Therefore, this is all really a strawman argument.

There's estabilishment of NGO's which is usually way too fraught with personal agenda and mistrust to have any sort of positive impact. Add with it the general negative perception of a third country helping them out- it usually plays out bad.

Maybe the whole point of helping other nations is precisely for it to play out bad - this line of thinking most certainly corroborates a realpolitik perspective. After all, if we really wanted to help them by elevating them to our own standards, we should just eliminate the "them" out of the equation and annex them to our own polity. We wouldn't continually view "them" as "them".
At 8/9/2013 9:41:24 AM, wrichcirw wrote:
If you are civil with me, I will be civil to you. If you decide to bring unreasonable animosity to bear in a reasonable discussion, then what would you expect other than to get flustered?
Cermank
Posts: 3,773
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11/30/2014 9:15:56 AM
Posted: 2 years ago
At 11/30/2014 2:00:25 AM, wrichcirw wrote:
At 4/4/2014 5:28:09 PM, Cermank wrote:
At 4/4/2014 4:51:07 PM, darkkermit wrote:
At 4/4/2014 4:18:23 PM, Cermank wrote:
At 4/4/2014 4:07:26 PM, InvictusManeo wrote:
I think America should take care of their own citizens and leave other countries the f*ck alone. Their intervention keeps other nations impoverished. Just look at South America.

Kinda this.

There are usually too many unintended consequences for this to be a positive thing to any of the player involved.

If you're a fan of Bryan Caplan, Bryan Caplan makes the case that the best way to help underdeveloped nations is to open the borders. I also don't really buy too much of the unintended consequences. Perhaps if you're donating directly to the government, but don't donate directly to the government.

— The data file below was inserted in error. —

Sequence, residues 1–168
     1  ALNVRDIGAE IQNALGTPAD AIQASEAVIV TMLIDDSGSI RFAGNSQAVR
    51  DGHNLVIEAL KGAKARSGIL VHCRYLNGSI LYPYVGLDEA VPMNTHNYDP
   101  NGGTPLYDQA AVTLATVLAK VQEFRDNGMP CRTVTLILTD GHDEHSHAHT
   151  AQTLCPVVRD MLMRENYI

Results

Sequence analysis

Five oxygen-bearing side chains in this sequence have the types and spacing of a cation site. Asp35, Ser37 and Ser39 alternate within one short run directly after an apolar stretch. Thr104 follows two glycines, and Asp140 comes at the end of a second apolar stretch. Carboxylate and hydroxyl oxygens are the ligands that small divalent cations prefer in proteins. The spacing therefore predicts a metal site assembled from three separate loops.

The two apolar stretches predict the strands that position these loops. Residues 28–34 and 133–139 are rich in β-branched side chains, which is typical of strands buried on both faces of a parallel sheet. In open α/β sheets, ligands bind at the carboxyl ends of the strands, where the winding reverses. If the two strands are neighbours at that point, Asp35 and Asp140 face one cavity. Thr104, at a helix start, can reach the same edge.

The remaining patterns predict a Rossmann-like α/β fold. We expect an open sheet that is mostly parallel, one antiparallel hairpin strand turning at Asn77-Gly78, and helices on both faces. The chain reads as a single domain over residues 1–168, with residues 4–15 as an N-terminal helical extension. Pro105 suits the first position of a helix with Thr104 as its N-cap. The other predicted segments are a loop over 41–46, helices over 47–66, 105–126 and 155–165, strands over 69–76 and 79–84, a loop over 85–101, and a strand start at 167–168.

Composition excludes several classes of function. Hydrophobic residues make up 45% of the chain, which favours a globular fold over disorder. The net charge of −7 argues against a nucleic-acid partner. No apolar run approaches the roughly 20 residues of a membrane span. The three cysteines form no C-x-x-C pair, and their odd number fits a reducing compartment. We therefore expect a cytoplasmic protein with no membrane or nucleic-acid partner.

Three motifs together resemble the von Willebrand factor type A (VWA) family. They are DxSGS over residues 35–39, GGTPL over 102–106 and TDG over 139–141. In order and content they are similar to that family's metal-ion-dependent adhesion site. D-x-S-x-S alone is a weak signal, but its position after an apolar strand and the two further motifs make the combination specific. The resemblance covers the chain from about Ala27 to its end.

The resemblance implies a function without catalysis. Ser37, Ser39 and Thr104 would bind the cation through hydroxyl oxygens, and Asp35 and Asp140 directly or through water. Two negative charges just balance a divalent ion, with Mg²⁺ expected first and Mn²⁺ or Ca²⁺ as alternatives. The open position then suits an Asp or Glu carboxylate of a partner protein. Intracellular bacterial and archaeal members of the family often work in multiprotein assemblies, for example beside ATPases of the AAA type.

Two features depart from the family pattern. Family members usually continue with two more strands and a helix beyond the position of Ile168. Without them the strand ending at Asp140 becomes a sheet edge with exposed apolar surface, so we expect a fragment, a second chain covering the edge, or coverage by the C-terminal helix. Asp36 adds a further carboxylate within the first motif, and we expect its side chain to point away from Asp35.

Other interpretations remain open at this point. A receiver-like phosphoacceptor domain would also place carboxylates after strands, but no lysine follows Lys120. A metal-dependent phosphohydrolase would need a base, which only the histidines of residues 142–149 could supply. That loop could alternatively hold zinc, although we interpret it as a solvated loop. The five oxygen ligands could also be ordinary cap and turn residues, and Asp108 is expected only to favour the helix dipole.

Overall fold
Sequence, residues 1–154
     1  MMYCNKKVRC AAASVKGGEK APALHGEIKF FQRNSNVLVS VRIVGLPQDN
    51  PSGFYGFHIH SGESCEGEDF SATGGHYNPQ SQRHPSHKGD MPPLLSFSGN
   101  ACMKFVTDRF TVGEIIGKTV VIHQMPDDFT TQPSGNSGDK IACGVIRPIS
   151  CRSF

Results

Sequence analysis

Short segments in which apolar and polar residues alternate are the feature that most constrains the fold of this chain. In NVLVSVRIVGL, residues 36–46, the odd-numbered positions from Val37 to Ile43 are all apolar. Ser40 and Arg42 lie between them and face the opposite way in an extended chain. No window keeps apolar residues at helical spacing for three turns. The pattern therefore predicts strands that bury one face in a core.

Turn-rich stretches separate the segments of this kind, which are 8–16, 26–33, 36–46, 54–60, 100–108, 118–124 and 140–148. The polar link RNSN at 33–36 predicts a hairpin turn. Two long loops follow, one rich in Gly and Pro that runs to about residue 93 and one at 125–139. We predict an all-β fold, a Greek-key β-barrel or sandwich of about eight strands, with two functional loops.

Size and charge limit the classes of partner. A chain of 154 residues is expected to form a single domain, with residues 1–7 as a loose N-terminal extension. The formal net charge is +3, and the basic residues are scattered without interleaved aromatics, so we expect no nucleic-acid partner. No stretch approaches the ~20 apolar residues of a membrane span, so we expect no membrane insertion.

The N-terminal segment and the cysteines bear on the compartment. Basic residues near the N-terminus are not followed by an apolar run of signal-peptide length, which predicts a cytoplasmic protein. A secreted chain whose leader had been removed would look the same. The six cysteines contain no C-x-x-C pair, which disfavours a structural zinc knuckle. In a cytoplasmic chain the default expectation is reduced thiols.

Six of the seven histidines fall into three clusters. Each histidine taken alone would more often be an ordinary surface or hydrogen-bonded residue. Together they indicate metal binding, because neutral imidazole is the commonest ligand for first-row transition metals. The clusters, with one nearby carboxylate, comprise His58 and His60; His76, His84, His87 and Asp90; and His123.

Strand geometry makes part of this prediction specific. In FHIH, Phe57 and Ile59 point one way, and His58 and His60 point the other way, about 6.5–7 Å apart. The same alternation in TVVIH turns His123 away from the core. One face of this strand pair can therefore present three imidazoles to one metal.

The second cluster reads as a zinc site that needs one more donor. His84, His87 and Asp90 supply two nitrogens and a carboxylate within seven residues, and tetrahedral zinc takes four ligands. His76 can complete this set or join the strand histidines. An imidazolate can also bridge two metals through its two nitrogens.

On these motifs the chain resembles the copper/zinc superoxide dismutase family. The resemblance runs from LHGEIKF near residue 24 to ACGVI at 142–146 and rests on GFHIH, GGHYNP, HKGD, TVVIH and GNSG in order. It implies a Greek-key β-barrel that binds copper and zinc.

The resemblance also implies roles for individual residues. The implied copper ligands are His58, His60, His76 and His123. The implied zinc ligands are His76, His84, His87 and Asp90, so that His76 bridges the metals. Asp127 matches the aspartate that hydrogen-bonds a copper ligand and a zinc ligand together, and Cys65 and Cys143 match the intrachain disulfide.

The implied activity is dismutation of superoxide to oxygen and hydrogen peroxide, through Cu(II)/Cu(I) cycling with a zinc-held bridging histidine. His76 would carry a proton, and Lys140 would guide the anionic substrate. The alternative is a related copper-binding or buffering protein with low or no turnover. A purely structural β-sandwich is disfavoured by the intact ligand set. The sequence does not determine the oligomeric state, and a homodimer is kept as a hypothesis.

I saw some of his arguments, but wasn't really convinced by them at the time. The paper I read focused much more on the moral perception than the empirical consequences of open borders, which is my major concern with such a policy. Limited institutions, less resources, too much pressure.

Helping out really is a multi- pronged concept. Obviously giving money to the government would have its drawbacks, so that's one down. Then there's helping people by giving away free goodies, which has negative impact on the producers of the region.

There are always PRO/CONs to any course of action - there is no such thing as an "absolutely good" course of action in application. For example, the underlined argument can also be used as a CON against establishing free trade (trade without government restriction), as specialization in a foreign polity would negatively impact producers of the region that cannot compete. Just because there are drawbacks does not negate the good that can come out of a certain course of action.

That's apples and oranges though. Free trade works with the assumption that higher competition would spur domestic industries to innovate and invest and better themselves. Which is good for the country in the long run. That's the objective, in any case. The way a country opens its free trade, the complementary policies and all that has an important impact on whether or not that objective is achieved.

Giving away free goodies because other countries are impoverished really doesn't help them, at all. Development acnnot be forced from above, it has to come from within. Investing in these countries, for example, can help. but giving away free clothes or shoes or whatever isn't going to do anything.

Therefore, this is all really a strawman argument.

There's estabilishment of NGO's which is usually way too fraught with personal agenda and mistrust to have any sort of positive impact. Add with it the general negative perception of a third country helping them out- it usually plays out bad.